Mikey Williams is the ultimate 21st century prospect. After rising to stardom in eighth grade, when he shared an AAU squad with LeBron James, Jr. and ended up stealing the spotlight with his bounce in transition and his handle one-on-one, mainstream interest in him continued to pick up.
The 17-year-old currently has over three million followers on Instagram and in July signed with Excel Sports to manage his image rights. The agency delivered his first prominent endorsement deal last week, when it announced Puma as his official sneaker brand, in a deal ESPN’s Nick DePaula described as a first for an American high school athlete.
In the statement confirming the signing, the apparel company describes Williams as not simply a basketball player but also a social media influencer, and that part is relevant to properly understand the level of his superstardom, because as a prospect, Williams is not necessarily as special.
The six-foot-two gunner has had a somewhat eventful high school path up until this point, now up to his third different team in three years, and has not been a part of USA Basketball, missing the opportunity to participate in FIBA events that could offer a better understanding of how he can fit in a structure that features other high-profile prospects.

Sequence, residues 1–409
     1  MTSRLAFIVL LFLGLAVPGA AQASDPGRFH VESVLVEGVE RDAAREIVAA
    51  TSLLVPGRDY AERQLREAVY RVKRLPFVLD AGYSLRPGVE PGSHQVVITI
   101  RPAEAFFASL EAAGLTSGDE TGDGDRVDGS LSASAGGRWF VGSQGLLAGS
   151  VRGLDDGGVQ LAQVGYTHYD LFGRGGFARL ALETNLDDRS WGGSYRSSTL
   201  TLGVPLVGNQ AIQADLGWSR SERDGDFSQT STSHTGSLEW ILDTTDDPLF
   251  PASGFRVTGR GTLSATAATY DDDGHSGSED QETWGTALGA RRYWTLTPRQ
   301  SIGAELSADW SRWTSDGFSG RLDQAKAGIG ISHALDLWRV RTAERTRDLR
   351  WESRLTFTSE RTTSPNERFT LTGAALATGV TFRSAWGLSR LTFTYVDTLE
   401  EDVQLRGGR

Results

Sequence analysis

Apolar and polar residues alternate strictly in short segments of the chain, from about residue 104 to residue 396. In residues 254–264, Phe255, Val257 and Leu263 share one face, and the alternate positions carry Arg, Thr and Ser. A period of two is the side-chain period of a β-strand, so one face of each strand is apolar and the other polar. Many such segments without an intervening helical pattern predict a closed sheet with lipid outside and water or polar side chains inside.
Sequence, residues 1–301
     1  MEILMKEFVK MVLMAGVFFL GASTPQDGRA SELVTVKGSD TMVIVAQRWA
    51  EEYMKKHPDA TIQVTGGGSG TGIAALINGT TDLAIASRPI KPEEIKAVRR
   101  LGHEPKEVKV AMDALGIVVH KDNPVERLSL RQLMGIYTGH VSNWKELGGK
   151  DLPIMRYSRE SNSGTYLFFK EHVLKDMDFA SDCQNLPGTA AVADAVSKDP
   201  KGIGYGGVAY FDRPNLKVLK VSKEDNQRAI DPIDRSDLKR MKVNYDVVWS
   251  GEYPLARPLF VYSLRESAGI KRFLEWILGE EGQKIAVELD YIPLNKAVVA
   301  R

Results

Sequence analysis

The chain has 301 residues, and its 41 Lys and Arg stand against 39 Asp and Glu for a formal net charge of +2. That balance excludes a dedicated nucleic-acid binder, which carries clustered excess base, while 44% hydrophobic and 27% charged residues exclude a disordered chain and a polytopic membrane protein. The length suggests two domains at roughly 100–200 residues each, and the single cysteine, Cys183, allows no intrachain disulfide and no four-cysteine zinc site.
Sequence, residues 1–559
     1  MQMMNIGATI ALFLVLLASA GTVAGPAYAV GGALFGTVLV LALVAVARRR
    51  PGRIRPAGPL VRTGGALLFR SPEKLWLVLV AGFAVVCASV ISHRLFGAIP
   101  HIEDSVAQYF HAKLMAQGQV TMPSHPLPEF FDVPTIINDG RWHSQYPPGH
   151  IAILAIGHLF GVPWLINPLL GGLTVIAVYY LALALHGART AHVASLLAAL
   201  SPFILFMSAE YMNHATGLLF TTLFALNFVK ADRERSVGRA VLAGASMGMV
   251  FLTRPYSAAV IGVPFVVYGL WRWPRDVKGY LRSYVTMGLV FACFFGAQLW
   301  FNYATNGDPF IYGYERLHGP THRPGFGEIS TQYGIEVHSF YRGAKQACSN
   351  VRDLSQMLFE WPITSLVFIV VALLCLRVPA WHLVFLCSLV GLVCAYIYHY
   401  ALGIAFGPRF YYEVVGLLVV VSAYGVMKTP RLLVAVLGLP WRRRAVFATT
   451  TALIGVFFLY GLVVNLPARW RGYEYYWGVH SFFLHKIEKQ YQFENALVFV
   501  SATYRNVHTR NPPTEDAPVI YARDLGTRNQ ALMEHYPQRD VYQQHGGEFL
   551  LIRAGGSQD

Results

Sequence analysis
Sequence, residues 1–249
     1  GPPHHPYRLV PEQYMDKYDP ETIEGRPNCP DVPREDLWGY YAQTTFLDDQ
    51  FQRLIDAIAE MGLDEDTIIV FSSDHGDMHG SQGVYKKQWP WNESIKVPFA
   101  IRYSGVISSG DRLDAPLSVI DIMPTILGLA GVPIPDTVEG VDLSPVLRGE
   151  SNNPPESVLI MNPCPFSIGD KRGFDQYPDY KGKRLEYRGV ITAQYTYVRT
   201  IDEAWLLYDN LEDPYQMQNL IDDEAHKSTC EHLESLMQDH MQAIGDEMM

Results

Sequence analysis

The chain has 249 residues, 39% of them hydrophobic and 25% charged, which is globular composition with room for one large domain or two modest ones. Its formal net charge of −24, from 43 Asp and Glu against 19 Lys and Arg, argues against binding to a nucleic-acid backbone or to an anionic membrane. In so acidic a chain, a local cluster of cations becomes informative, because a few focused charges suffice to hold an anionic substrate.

The San Diego native played his first year for local San Ysidro High School, leading the team to a CIF-SDS Division III championship as a freshman, then transferred to Lake Norman Christian School in North Carolina for his sophomore season.
In his third year he continues to attend Lake Norman but now plays for Vertical Academy, a program based in Charlotte started by his father and not affiliated with any state governing body, opting instead to play a 25-game national schedule, all on the road, that already featured meetings against the California Basketball Club (Sierra Canyon High School), Montverde Academy, and the Overtime Elite last Friday and Saturday.
With perception of his development within the industry not yet necessarily meeting the same level of enthusiasm on social media, ESPN currently has him placed 11th on its 2023 class rankings.